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Archive for the ‘Mind Embodied and/or Enacted’ Category

Discussion: Brain, body and world

Thursday, September 8th, 2011

Reply here to provide your challenge to the speakers of the fourth day’s general discussion. This should take the form of: i) a tweet-like question (maximum of 144 characters) and ii) a follow up explanation, abstract or set of bullet points with a minimum of 150 words and maximum of 300, in the following format:

Group Name
Short description of challenge in bold
Content of the summary or abstract or bullet points

 

Mind in life and life in mind

Thursday, September 8th, 2011

Evan Thompson
Department of Philosophy,
University of Toronto,
Canada

The guiding idea of this talk is that living is sense-making in precarious conditions. The guiding question is whether living, so understood, is necessary for mind. Along the way I will review some of the main concepts of the enactive approach — autonomy, autopoiesis, sense-making, enaction — highlighting important advances and findings since the proposal of the enactive approach in The Embodied Mind (Varela, Thompson, and Rosch, 1991). Attention will also be given to related developments, such as neurophenomenology, and to the broad philosophical question about the relationship between lived experience and the scientific study of lived experience — the motivating and animating question of The Embodied Mind.

(Revised) presentation slides (ppt)

Evan Thompson: “Mind in life and life in mind” from eSMCs on Vimeo.

Cognition at the crossroads: from embodied minds to thinking bodies

Thursday, September 8th, 2011

Michael Wheeler
Department of Philosophy,
University of Stirling,
UK

Given the often impressive advances made by contemporary research within the embodied cognition paradigm, it is perhaps surprising that one of the most basic concepts that defines the field, namely that of embodiment itself, has not yet been articulated in a satisfactorily clear or precise manner. In an attempt to present the ‘state of the art’ with respect to this foundational issue, I shall begin by drawing a distinction between two broad notions of embodiment that are operative within embodied cognition research. According to the first notion, which I shall call implementational embodiment, the body is conceptualized as ‘no more than’ a bridge to new realizations of functionally specified cognitive architectures. To theorize in terms of implementational embodiment is to hold that the same mind might be embodied differently. According to the second notion of embodiment, which I shall call vital embodiment, bodily acts and structures make a nonsubstitutable contribution to cognition, with the precise nature of that contribution determined by certain local theoretical commitments and interests. To theorize in terms of vital embodiment is to hold that different bodies will think differently. Having positioned a number of alternative versions of embodied cognition research (e.g., enactivism, the extended mind) in relation to this distinction, I shall use the resulting analysis to say what kinds of considerations might lead us to choose between those alternatives. Finally, in a more speculative register, I shall endeavour to look to the future, by adapting and extending some work on embodiment from recent feminist phenomenological thinking in order to take us beyond the very distinction between implementational and vital materiality with which we began.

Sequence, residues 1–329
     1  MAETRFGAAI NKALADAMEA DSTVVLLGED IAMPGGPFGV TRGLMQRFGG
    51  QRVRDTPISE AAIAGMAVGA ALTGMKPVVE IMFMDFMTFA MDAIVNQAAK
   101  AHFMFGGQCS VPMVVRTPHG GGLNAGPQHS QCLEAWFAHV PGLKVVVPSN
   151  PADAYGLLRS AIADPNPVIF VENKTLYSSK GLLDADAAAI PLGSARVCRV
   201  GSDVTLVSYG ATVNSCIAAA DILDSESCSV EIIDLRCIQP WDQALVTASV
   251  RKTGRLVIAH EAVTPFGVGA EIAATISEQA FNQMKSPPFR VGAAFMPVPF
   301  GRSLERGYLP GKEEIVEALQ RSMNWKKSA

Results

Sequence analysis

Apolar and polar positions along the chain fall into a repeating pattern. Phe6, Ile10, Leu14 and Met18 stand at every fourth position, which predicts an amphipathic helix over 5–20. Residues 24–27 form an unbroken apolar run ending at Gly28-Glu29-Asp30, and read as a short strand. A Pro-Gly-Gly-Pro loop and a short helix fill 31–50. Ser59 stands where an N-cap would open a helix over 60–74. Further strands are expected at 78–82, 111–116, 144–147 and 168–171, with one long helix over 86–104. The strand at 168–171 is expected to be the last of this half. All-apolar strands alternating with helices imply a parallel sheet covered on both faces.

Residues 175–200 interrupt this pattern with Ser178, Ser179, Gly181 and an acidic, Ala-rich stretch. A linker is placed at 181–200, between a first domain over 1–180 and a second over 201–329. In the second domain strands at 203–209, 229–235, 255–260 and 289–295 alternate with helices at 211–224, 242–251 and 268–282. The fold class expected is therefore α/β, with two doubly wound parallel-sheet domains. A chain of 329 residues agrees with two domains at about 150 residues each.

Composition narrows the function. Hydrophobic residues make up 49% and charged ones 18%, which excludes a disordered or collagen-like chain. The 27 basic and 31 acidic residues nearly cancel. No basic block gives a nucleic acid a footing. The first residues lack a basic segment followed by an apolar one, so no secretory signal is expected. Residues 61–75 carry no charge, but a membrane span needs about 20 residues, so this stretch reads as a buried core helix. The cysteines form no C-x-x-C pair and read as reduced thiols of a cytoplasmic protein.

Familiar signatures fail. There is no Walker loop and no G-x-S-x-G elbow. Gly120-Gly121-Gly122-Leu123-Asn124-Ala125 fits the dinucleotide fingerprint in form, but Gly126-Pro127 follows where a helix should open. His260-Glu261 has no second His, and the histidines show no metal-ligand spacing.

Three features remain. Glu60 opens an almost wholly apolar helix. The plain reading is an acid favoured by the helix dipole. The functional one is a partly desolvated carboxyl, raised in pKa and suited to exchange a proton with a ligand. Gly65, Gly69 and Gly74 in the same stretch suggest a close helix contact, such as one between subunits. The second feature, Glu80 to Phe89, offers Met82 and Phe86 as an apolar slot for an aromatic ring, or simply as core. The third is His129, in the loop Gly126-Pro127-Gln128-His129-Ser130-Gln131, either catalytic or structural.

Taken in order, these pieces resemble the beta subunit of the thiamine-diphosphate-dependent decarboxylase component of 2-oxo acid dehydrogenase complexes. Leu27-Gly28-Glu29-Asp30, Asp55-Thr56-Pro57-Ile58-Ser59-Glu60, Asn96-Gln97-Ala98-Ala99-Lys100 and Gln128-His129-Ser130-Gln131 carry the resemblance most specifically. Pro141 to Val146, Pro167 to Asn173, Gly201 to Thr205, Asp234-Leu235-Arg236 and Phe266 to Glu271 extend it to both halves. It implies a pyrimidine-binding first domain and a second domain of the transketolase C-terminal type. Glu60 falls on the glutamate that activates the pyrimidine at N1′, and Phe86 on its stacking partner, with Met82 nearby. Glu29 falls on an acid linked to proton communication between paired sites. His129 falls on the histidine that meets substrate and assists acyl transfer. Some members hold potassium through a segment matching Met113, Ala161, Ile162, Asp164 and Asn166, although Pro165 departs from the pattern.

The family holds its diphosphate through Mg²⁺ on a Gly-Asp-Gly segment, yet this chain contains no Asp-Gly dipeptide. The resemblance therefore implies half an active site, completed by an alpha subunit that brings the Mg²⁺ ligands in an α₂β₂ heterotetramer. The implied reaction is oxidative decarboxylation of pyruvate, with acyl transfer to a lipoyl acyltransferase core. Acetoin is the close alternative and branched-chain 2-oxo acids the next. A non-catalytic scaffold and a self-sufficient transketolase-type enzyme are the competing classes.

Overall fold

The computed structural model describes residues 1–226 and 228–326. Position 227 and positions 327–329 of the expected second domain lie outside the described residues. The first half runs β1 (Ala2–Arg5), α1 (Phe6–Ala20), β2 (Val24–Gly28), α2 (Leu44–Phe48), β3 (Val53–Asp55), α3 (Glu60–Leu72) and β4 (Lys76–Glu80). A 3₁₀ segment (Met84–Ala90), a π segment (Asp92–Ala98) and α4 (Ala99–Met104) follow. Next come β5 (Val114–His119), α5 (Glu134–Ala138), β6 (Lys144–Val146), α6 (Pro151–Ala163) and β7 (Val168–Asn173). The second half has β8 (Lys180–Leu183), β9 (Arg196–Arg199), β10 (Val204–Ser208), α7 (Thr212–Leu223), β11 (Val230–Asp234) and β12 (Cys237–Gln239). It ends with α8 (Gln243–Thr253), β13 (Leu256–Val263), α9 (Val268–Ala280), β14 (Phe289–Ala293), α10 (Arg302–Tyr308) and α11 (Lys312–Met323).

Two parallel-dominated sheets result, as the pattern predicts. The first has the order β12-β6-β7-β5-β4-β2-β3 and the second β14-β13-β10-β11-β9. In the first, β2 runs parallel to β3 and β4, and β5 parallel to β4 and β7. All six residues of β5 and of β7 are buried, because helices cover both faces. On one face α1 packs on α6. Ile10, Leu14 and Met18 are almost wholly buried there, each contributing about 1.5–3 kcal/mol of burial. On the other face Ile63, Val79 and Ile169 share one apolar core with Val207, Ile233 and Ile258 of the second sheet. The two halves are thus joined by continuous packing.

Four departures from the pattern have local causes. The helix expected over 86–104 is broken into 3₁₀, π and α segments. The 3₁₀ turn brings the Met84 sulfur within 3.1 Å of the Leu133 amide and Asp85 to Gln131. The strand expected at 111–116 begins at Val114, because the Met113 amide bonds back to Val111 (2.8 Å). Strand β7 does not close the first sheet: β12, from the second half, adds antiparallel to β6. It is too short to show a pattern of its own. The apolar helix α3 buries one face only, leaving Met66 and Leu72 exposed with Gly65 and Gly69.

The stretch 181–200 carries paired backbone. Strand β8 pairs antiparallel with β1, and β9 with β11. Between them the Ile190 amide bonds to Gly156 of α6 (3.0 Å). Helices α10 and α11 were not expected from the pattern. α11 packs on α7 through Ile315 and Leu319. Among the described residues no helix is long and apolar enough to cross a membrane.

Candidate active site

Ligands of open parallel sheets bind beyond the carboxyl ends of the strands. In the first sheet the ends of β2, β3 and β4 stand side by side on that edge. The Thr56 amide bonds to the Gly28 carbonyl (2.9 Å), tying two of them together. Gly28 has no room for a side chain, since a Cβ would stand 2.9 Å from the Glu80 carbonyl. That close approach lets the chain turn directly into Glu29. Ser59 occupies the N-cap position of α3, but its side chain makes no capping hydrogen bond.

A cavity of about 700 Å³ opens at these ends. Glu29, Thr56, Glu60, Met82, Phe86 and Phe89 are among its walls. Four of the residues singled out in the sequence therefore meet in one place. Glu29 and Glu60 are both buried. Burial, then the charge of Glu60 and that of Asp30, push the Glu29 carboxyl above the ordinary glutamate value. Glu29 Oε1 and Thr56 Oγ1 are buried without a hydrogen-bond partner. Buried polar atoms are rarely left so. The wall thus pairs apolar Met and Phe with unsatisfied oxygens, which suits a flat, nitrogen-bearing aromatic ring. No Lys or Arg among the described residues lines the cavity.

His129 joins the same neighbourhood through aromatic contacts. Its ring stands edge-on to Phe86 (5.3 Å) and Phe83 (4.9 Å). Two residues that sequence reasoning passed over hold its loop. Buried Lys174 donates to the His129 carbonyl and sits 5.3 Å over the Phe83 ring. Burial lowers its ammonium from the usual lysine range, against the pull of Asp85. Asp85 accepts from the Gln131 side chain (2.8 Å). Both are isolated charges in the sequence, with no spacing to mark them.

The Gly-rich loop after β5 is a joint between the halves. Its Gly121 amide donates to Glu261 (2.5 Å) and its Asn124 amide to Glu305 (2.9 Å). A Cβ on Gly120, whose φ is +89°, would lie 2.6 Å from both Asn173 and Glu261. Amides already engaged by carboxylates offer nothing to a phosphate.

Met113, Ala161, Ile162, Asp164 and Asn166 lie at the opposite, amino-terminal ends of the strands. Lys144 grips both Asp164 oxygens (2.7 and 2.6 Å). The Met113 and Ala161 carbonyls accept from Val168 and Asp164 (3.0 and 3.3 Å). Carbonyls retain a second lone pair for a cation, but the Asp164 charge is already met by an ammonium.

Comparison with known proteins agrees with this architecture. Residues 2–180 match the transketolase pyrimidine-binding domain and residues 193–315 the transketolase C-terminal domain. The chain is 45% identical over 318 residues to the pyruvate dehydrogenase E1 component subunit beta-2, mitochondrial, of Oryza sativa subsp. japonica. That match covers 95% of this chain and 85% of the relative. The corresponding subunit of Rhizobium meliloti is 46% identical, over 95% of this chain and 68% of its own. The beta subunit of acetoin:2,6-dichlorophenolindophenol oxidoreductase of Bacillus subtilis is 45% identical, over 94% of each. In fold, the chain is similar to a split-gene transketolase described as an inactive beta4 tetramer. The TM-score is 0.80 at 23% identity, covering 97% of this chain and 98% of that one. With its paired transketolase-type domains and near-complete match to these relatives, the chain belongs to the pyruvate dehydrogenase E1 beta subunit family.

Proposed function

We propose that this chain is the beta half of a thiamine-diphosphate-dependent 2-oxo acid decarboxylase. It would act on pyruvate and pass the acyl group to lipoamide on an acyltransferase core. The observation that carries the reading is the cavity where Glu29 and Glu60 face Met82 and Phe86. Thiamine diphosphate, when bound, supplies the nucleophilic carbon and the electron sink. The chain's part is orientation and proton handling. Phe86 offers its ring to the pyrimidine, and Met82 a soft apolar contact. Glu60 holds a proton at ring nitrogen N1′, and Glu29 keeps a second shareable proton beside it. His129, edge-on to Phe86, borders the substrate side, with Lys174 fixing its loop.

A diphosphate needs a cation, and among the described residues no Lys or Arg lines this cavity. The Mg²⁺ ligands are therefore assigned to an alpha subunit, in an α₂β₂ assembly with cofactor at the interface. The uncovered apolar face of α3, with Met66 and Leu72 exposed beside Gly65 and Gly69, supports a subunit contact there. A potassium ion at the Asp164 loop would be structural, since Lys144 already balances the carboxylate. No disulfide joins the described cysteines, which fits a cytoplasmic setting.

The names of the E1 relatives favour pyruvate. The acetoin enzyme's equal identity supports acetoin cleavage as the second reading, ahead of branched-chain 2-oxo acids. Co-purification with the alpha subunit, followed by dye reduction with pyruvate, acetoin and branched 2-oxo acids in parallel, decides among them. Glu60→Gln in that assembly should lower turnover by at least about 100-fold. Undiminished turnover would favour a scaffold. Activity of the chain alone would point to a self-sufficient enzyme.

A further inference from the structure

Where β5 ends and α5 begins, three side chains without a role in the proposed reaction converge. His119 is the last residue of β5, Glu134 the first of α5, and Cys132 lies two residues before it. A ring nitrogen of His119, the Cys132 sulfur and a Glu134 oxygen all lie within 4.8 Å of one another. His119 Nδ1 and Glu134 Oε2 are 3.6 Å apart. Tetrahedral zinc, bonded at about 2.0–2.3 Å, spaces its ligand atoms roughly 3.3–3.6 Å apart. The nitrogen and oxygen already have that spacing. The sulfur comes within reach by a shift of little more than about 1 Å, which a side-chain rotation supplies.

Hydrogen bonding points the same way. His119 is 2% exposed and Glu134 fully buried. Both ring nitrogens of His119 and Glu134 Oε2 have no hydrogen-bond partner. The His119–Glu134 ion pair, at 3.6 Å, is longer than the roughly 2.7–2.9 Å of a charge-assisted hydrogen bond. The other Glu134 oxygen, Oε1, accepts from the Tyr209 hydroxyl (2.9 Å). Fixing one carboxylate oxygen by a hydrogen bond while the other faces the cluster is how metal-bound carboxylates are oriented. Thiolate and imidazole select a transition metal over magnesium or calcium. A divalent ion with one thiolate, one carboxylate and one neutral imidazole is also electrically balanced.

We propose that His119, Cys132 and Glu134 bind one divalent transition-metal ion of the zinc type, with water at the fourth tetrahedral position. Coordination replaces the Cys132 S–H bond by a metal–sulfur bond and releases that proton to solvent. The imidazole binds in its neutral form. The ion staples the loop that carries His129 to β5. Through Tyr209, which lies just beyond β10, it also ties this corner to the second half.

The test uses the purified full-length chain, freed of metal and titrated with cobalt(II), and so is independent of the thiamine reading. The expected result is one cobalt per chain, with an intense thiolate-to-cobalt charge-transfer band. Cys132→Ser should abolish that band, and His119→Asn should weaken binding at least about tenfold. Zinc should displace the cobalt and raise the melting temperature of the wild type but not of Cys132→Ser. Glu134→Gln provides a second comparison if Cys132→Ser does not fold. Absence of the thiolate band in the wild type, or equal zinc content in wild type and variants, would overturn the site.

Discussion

Presentation Slides [pptx]

Michael Wheeler: “Cognition at the crossroads: from embodied minds to thinking bodies” from eSMCs on Vimeo.

Extending sensorimotor contingencies to cognition

Thursday, September 8th, 2011

Andreas Engel
Dept. of Neurophysiology and Pathophysiology
University Medical Center Hamburg-Eppendorf, Hamburg, Germany

In the cognitive sciences, we currently witness a “pragmatic turn” away from the traditional representation-centered framework towards a paradigm that focusses on understanding the intimate relation between cognition and action. Such an „action-oriented“ paradigm has earliest and most explicitly been developed in robotics, and has only recently begun to gain impact on cognitive psychology and neurobiology. The basic notion is that cognition should not be understood as a capacity of deriving world-models, which then might provide a “database” for thinking, planning and problem-solving. Rather, it is emphasized that cognitive processes are not only closely intertwined with action but that cognition can actually best be understood as “enactive“, as a form of practise itself. Cognition, on this account, is grounded in a pre-rational understanding of the world that is based on sensorimotor acquisition of real-life situations. control strategy. One key concept I will discuss is that of sensorimotor contingencies, i.e., law-like relations between actions and associated changes in sensory input. I will propose to advance this concept further and suggest that actions not only play a key role for perception, but also in developing more complex cognitive capabilities.

Andreas Engel: “Extending sensorimotor contingences to cognition” from eSMCs on Vimeo.